Today is the day

Today the UK decides who runs it. Our own government or a far-away EU government. I have voted already.

Tomorrow we find out whether the people of this country have the guts to stand on their own, or whether they wish to remain in a money-draining club that is looking ever more unstable by the day.

Nobody seems to know much about what the EU does. It’s not so much that it’s secretive, it’s more that (in the UK at least) politicians look down on the rest of the country as if they are simpletons. Don’t ask questions about politics, you can’t possibly understand the answers. Just tune in to the TV and stop bothering us or we’ll send you to bed without supper. Politicians wonder why nobody likes them, but that’s how they come across in any interaction with the public.

Well, now that arrogance has come back to haunt them. People are, on the whole, scared of things they don’t understand and it’s now become clear that neither the Leave nor Remain camps actually have any real idea what they are voting for.

So we have all this crazy nonsense such as ‘leaving the EU means severing all links to every country in Europe’. ‘We won’t be able to go on holiday’ ‘The UK will just drift into the mid-Atlantic and sink’ ‘Zombies will come. Zombies!’

The other side can be just as crazy with wild promises of streets paved with gold and a money tree in every garden. Really it all boils down to ‘we have no idea what the EU is for but we either like it or hate it depending on what someone we don’t like prefers’.

I have actually been told, on Twitter, that voting ‘leave’ is what Nigel Farage and Donald Trump want, and that should be a good enough reason to vote ‘Stay’. Really? I should base my vote on some kind of tongue-poking exercise at people I’ve never met?

I based my vote on a desire to see this country stand on its own again. We don’t need all those extra layers of bureaucracy. This is Britain. Nobody does bureaucracy better than us. We perfected it ages ago and we have forms for everything. We have no need of anyone overseeing our paperwork, we are really very good at it.

All I see of the EU is a vast drain on resources to pay people to do stuff we are actually better at doing ourselves. Layer upon layer of officials, even more than a local council. It’s become ridiculous.

Dai Cameroid is still talking about renegotiating our place in the EU and Jean-Claude Juncker has made clear that’s not going to happen. No negotiations at all. The EU isn’t interested in compromises and is never going to change. There really is only one option. In or out.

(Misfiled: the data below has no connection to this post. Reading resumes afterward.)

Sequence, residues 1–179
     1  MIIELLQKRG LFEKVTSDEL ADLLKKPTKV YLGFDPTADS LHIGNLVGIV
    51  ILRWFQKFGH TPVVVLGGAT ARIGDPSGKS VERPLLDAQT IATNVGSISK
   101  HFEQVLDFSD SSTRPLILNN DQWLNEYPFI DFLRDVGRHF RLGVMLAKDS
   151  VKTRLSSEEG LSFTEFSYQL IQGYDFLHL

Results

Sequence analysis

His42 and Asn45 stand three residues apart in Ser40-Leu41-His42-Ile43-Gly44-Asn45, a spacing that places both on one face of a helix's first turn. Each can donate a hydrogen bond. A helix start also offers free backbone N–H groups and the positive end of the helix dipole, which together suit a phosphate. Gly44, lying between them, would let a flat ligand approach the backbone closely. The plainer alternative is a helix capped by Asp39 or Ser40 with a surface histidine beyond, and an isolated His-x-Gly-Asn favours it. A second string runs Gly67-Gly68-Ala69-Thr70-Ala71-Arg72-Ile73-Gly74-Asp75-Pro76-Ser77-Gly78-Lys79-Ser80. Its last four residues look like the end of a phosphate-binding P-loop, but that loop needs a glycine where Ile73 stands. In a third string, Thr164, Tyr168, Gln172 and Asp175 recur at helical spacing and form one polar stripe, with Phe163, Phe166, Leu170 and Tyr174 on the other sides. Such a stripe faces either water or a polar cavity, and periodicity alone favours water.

This is it. Decision time. Stayed lashed to the apron strings of the EU, an organisation that seems to me to only exist to make politicians rich – or strike out on our own, make our own decisions, form our own trade partnerships without having to ask anyone’s permission or pay anyone to let us do it.

The polls close in four and a half hours. If you haven’t voted, go and do it. decide which way you want the future to go and cast your vote. Don’t just let the day slip by.

You’ll never have the chance again.

 

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32 thoughts on “Today is the day

  1. Watch out for absentee ballots in the mail if you guys have that over there. The Antismokers in California pulled a fast one a number of years ago on an important vote where suddenly a boatload of ballots in their favor all supposedly came in from overseas — a *highly* unlikely occurrence that all those troops in Iraq etc had voted overwhelmingly to tax and ban things back home — but those votes won the day for them.

    – MJM, who’s growing more and more cynical about the overall integrity of elections when power groups are involved.
    P.S. OK… just checked my records, and I believe the vote I’m thinking of was the first huge money grab by Glantz and friends in 1988: a 25 cent tax on cigs with all(?) of it going to the Antismokers. That amounted to something like fifty to a hundred million dollars: ten times what the Antis had ever had nationwide prior to that vote. Proposition 29 I believe if anyone wants to look into it or check the accuracy of my memory.

    Liked by 1 person

  2. I was disappointed not to find a queue at my polling station (situated in a densely populated suburb) and at 5pm not many who’d registered seemed to have voted.

    I voted with a pen 🙂

    Liked by 1 person

      • Yes, true. There’s something plodding and fatalistic about British bureaucracy, sort of like the bureaucrats have lost the will to live and have no real interest in the pettiness they are promulgating.

        The Greeks, on the other hand, seem to revel in the Catch 22 rules and regulations they generate. As an example, when I was here in 1987 (long before Greece was EU), to I had to register my business with the local Chamber of Commerce.

        They told me that before I could register with them, I had to have a business premises with a commercial rental contract, with all the official stamps and signatures so beloved of the Greeks.

        But to get a commercial rental contract on a premises, I first had to be registered as a business with the Chamber of Commerce, otherwise a commercial contract couldn’t be drawn up…